Local grants are divided into two sections, parish grants and community grants.
In the next grant cycle, the amount that can be awarded to parish and community projects will be increased, Doyle said. Parishes will be able to apply for a total of $5,000, including up to $1,000 to start or continue a JustFaith program and up to $4,000 for an additional social justice project. Community nonprofits will be able to apply for a grant of up to $10,000.
Applications will be posted on the archdiocesan website, www.archatl.com, on Jan. 9, 2012.
“In today’s economic climate we find it takes a little more than we have been giving,” Doyle said. “We want to make sure our Catholic churches … have access to funds to support Catholic parish social justice projects.”
The JustFaith program of justice education and advocacy “is an easy way to get a parish started in social justice ministry,” she said.
Doyle believes that the St. Brendan’s language project can have a lasting impact in helping poorer immigrants to learn English and computers and enabling them to communicate better with their children’s schools, which post a lot of important school information online. Anglos also participate in the program and native English and native Spanish practice conversation together in each language.
“It creates community so English and Spanish speakers are working together and experiencing fellowship. And it gives Spanish speakers an opportunity to break the cycle of poverty in participating in their child’s education,” she said.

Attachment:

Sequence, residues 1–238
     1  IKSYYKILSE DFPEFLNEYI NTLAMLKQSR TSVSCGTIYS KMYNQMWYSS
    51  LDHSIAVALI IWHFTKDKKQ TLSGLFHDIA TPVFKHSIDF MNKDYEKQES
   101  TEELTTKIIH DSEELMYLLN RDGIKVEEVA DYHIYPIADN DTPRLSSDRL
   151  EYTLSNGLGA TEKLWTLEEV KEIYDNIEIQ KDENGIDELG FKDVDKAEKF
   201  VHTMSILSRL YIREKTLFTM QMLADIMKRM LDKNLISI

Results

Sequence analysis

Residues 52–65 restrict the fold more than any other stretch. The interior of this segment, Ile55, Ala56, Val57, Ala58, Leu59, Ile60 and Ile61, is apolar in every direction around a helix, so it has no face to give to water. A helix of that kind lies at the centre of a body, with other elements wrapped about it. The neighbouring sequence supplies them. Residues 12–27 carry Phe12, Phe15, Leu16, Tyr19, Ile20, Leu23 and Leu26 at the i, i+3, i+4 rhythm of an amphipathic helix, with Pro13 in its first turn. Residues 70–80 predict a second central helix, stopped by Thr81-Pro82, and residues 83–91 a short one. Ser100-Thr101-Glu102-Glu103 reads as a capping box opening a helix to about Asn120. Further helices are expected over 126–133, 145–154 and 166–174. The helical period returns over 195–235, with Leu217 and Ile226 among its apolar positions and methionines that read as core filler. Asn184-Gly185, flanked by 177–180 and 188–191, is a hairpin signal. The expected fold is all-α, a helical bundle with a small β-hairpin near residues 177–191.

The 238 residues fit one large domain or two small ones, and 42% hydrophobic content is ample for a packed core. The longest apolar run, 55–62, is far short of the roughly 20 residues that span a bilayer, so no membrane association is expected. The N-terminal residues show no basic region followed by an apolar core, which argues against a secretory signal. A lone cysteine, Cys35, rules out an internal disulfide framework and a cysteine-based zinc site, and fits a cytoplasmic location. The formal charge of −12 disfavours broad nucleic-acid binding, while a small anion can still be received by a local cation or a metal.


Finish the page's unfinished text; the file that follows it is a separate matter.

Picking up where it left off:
The CCHD grant of $4,000 enabled Be Someone, Inc. to enroll 100 more children at its free eight-week chess camp. The program teaches youth from struggling families to think critically, learn from mistakes, work hard and develop leadership skills, said founder Orrin Hudson, who himself found direction as a delinquent youth through chess.
“Chess is a great tool by teaching direct problem-solving skills. We are teaching children how to look to solve problems using your head,” he said. “We want to help kids to level the playing field.”
The camps also challenge kids to set life achievement goals.
“A lot of parents tell me taking a class it’s like a new blank check on life. We’re teaching children how to dream,” he continued.
Doyle relishes the opportunity to raise support for such CCHD justice initiatives in her new job as archdiocesan social justice ministry director, which she started in August after previously serving for 10 years as director of parish life and outreach at St. Brendan’s.
“We’re told at the end of every Mass to go out and love and serve the Lord, and this job allows me to do it every single day. My passion lies in helping people understand what Catholic social teaching is, helping them live Catholic social teaching and social justice,” she said. “It really is at the heart of who we are as Catholics. If we are really supposed to emulate Christ, then Jesus is the perfect example of what it is to live and serve one another.”
The national poverty rate continues to climb, leaders of the national CCHD campaign pointed out.
“The number of people living in poverty in our nation shot up for the fourth year in a row from 43.6 to 46.2 million in 2010—the largest number in the 52 years for which poverty estimates have been published,” said Bishop Jaime Soto, chairman of the U. S. Conference of Catholic Bishops’ CCHD Subcommittee. “With its focus on long-term solutions, CCHD’s approach is an essential complement to the vital work of our Catholic schools, Catholic Charities agencies, pro-life activities and other direct assistance programs to those in need.”